Then Oreo would take it even further. By starting with the Oreo Your Way, they’ve unlocked the whole hand-crafted, artisanal movement that has ensnared almost every other food group. This is when they unleash Oreo’s Manhattan Craftsman Biscuit. The design harkens back to Oreo’s humble beginnings in 1912. Each cookie is composed of top-quality ingredients, and assembled by cookie architects who sculpt the filling. They are artists themselves and sign each bag since each artist has their own style; a signature flair. This sleeve of cookies sells for nearly twice the traditional sleeve of Oreo’s.

And now Oreo has found two blue oceans. One where they let the customer take part in the personalized assembly of the cookie, and one that caters to the high-end and scarce, hand-crafted market. And while I enjoy a box of Oreo Thins that need some more “product research”, I will await your call Nabisco.

Challenge

  • Is your innovation a sustaining or a disruptive one?
  • How can your innovation use the red ocean strategy?
  • How can your innovation sue the blue ocean strategy?
Going Forth, Innovation, Motivation

Any Given Second…

Time wages war against us innovators with an endless army that surges forward, claiming the hours, the minutes, and the seconds we could be using to change the world. They get consumed by Time’s horrific horde, never to be seen again. Insomnia sometimes feels like a blessing because you can get up and work on your project undivided. At least it beats laying your head on your pillow, ruminating that every minute spent sleeping is another minute your prototype sits undelivered, undeveloped, and untested. But if you’ll allow me to remaster Al Pacino’s speech from Any Given Sunday, “The seconds we need, are everywhere around us.”

Innovation, reinvention, lifehacking… what ever your angle is on it, needs time. And unless you are part of the lucky few who get to professionally power think tanks with battery-like brains, you need to find time in the nooks and crannies of your schedule. It may be small, but time is there for the taking. Take a look at the newest illustration by Zen Pencils.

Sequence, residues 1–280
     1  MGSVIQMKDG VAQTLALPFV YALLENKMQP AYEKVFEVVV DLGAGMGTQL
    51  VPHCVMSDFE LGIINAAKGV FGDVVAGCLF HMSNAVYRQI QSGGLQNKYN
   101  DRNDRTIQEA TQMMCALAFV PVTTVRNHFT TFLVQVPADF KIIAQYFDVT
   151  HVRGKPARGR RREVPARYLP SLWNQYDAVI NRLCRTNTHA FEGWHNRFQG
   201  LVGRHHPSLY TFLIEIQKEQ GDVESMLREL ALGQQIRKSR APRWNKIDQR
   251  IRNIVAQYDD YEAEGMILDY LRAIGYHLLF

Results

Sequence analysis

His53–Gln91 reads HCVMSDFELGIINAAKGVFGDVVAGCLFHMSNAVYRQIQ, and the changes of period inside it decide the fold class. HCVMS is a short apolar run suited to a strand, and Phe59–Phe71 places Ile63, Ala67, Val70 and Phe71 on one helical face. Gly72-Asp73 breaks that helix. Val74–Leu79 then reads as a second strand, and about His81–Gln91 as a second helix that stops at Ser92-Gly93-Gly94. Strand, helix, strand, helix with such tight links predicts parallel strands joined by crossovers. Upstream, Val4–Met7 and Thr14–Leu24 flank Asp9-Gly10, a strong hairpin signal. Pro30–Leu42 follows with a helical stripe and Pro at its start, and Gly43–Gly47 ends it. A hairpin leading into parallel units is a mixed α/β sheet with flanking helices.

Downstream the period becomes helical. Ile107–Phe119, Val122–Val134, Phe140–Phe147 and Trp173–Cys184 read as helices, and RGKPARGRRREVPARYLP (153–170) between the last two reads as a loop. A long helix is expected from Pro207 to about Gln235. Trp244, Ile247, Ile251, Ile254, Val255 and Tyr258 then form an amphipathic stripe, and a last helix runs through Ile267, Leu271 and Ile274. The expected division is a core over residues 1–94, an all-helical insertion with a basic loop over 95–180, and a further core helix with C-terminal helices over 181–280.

Is that not worth exploring? by James Rhodes, Illustrated by Zen Pencils

What I like best about what James Rhodes said was that the time was still spent on the required activities; work, family, sleep. Even after all that there were still six hours in the week that could be devoted to something personal. In the context of this illustration, it was learning the piano. In our context, it will moving your innovation forward.

“Lost time is never found again” Benjamin Franklin

Seconds melt away and in the hourglass of life, it doesn't get flipped over. You have to make each. grain. count.
Seconds melt away and in the hourglass of life, it doesn’t get flipped over. You have to make each. grain. count.

If you are a weekend warrior innovator or you scratch your creative itch at work with side projects, this post is talking directly to you. I myself have a creative role, and yet in my spare time I find creative pursuits that I don’t get to chase at work, like boardgame design. Whatever your dream is, whatever your product is, the longer it sits in your brain is the longer your dream goes unrealized. Who would have thought that the biggest obstacle to your goal, would be you? I want to encourage you, to get your idea to go forth.

Think of your idea on a treadmill in your head. There it is, churning away. “Wouldn’t it be cool if…?” Yes, yes that would be cool! So let’s get some traction going. Yet, your idea continues to churn on the treadmill. You see, if it keeps heading in the same direction it’s always gone, it will stay where it has always been… in your head. For your idea to move to new places, it has to step in a different direction. And you need time to move in those new directions. So grab the time when you can find it. Don’t miss an opportunity to be awesome.

We spend so much of our free time consuming the awesome that other’s have created. We binge on shows, we like our friend’s witty posts, we spend hours watching other people play video games on You Tube. And there is nothing wrong with that. They say to be a good writer, you must be a good reader so it would make sense that to be innovative, you must be involved in other people’s innovations. However, let’s look at what Stephen King said.